One of my biggest pieces of advice for organisations is to outsource people to come in and educate, starting these conversations. Having a third party perspective can be hugely beneficial in helping people feel comfortable to talk, as well as helping employers think ‘outside the box’.

It’s also important to remember that these conversations need to be ongoing. Typically, we get an influx of employers coming to SWD asking for advice in October which is Dyslexia Awareness Month. While it’s great to see organisations taking action around this time, this work and awareness needs to be continued and followed all year round.

For example, if a member of staff listens to a neurodiversity talk by an outsourced professional, they may have questions to ask at a later date. It’s crucial you have a process in place to answer these questions and provide further support. How will HR approach these questions, unless the support is in place to actually follow through on having these conversations?

Key takeaways

No one is expecting employers to become professionals in neurodiversity. Simply having more awareness can have a real snowball effect in achieving true impact for a workplace.

Reach out to organisations like SWD to get the ball rolling on how to put measures in place to support your staff, and just ask the question! Reaching out to people who can help is the first step in boosting awareness and better supporting your people.

And finally, listen to your staff and don’t single people out. Awareness is crucial, but it must be company-wide to have real impact – and have you communicate this is key. Instead of saying “we’re having neurodiversity-focused training because some of our employees have dyslexia”, say “we’re having this training because we want to be a more inclusive workplace”.

Germany’s in demand tech skills


Germany’s tech industry is booming and there are lots of exciting opportunities in the market. This puts the power in the hands of candidates like never before. Work from home, work from anywhere, pick your own hours….unlimited holidays anyone? We’re seeing lots of clients really pushing the boundaries of talent attraction to secure Europe’s best and brightest, but which skills are going to be most in demand in 2023? Here’s my take – let me know in the comments if you think I’ve missed any.

 1)    AI

This year’s rise of software like Midjourney and ChatGTP highlighted the rapid quality increase in AI-technology. OpenAI’s chatbot crossed 1M users in less than a week!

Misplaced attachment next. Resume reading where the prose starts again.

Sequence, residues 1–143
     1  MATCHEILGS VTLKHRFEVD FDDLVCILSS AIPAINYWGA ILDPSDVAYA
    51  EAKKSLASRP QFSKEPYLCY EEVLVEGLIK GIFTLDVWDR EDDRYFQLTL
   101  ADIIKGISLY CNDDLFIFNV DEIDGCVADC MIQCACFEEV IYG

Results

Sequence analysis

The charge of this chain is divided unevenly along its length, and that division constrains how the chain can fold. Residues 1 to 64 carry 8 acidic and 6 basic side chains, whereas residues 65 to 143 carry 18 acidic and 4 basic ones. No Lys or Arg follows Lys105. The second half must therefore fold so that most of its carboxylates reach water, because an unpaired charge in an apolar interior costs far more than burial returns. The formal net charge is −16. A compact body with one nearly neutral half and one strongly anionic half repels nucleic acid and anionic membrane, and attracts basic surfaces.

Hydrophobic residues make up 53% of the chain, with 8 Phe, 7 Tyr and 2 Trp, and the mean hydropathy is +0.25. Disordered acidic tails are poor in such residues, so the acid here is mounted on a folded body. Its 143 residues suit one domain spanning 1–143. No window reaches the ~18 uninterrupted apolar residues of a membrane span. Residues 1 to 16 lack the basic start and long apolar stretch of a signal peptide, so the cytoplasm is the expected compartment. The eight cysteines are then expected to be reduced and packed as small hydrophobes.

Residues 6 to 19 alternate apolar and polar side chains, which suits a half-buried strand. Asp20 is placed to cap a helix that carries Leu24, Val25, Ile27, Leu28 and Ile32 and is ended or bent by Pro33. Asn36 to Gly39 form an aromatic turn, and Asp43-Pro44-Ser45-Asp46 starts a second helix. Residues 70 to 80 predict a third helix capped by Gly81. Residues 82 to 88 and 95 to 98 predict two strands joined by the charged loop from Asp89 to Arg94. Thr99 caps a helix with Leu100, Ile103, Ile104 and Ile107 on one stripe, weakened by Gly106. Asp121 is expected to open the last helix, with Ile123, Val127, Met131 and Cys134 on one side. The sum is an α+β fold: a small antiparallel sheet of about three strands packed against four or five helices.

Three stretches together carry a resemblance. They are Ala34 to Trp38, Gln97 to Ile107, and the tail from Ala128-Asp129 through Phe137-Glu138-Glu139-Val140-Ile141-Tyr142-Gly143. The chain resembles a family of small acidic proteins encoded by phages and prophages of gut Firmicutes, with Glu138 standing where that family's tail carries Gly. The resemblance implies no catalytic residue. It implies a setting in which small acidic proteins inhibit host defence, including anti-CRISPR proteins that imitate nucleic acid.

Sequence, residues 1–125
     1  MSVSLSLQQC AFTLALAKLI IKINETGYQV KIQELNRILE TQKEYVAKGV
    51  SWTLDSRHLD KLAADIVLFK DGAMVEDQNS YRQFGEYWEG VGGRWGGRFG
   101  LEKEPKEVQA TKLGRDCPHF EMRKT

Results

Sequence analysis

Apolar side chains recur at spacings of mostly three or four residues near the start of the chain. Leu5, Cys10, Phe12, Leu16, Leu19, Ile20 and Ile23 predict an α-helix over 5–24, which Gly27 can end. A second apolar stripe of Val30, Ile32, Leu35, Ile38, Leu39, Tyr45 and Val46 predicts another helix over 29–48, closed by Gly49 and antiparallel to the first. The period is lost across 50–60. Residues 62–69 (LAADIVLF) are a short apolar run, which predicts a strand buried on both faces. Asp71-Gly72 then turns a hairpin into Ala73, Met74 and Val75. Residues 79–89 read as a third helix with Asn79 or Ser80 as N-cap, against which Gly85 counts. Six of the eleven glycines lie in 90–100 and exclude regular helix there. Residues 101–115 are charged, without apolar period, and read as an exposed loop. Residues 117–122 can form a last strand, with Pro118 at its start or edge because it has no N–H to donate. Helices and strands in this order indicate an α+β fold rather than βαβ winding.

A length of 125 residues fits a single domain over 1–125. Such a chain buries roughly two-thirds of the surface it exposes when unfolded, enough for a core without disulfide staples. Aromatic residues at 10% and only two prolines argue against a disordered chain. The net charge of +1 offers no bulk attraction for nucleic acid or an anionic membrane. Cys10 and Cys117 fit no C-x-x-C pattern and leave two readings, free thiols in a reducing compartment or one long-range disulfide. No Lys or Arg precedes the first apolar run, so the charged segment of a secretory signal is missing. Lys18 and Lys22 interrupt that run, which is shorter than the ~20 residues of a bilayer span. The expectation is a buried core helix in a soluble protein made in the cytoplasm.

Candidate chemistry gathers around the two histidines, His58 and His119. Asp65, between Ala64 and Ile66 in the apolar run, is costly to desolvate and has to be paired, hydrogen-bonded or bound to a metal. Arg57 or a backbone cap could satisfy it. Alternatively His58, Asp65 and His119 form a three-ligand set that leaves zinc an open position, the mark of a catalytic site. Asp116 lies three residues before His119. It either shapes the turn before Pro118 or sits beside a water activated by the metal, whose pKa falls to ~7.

For reference: it took Facebook 10 months to hit that number. We’re experiencing the benefits of AI at Talent and how it’s impacting the recruitment sector more widely but it’s not always for the better. Matching human creativity and AI-software can certainly help the client experience but it needs strategic planning and the right talent to architect its implementation.

 2)   Data Visualisation

Working with data will become increasingly important and not just for the analysts as it is predicted that 70% of all employees will use data heavily in their job by 2025. Data Science was one of the most in demand tech disciplines in 2022 and we expect to continue to see demand in this area increase throughout 2023. However, as more brands commit to becoming more data led, Data Visualisation is becoming one of the most in demand skills requested by our clients. Collecting data is one thing but interpreting it to tell a compelling story is another.

3)   Cyber Security skills

In 2021, Germany adopted the Cyber Security Strategy whose goals include establishing cyber security as a joint task of the state, business, science, and society. The sector continues to attract strong government support in terms of funding, grants, and visa preferences for migrating talent. Experienced Consultants in this field can expect to earn upwards of 100,000 Euros which is an increase of 15% on average salaries last year.

4)   UX & UI Design

Since the election of the new coalition government in Germany in late 2021, digitalization projects for healthcare and schools have been an important goal for the government. Just the healthcare sector alone will benefit massively from digital upgrades such as electronic patient files. Skills in UX and UI will be crucial to provide users with a smooth and intuitive experience when that happens. We currently have a large number of roles in this space available so feel free to get in touch or connect if you are looking for new opportunities.

If the past few years has taught us anything it’s that, nobody is able to predict with absolute certainty what will happen within the German tech world in 2023, but I think that it would be a surprise if these skills don’t have major impact on talent sourcing this year.

Again, if you think I’ve missed any skills that will be hot next year, feel free to add those in the comments below.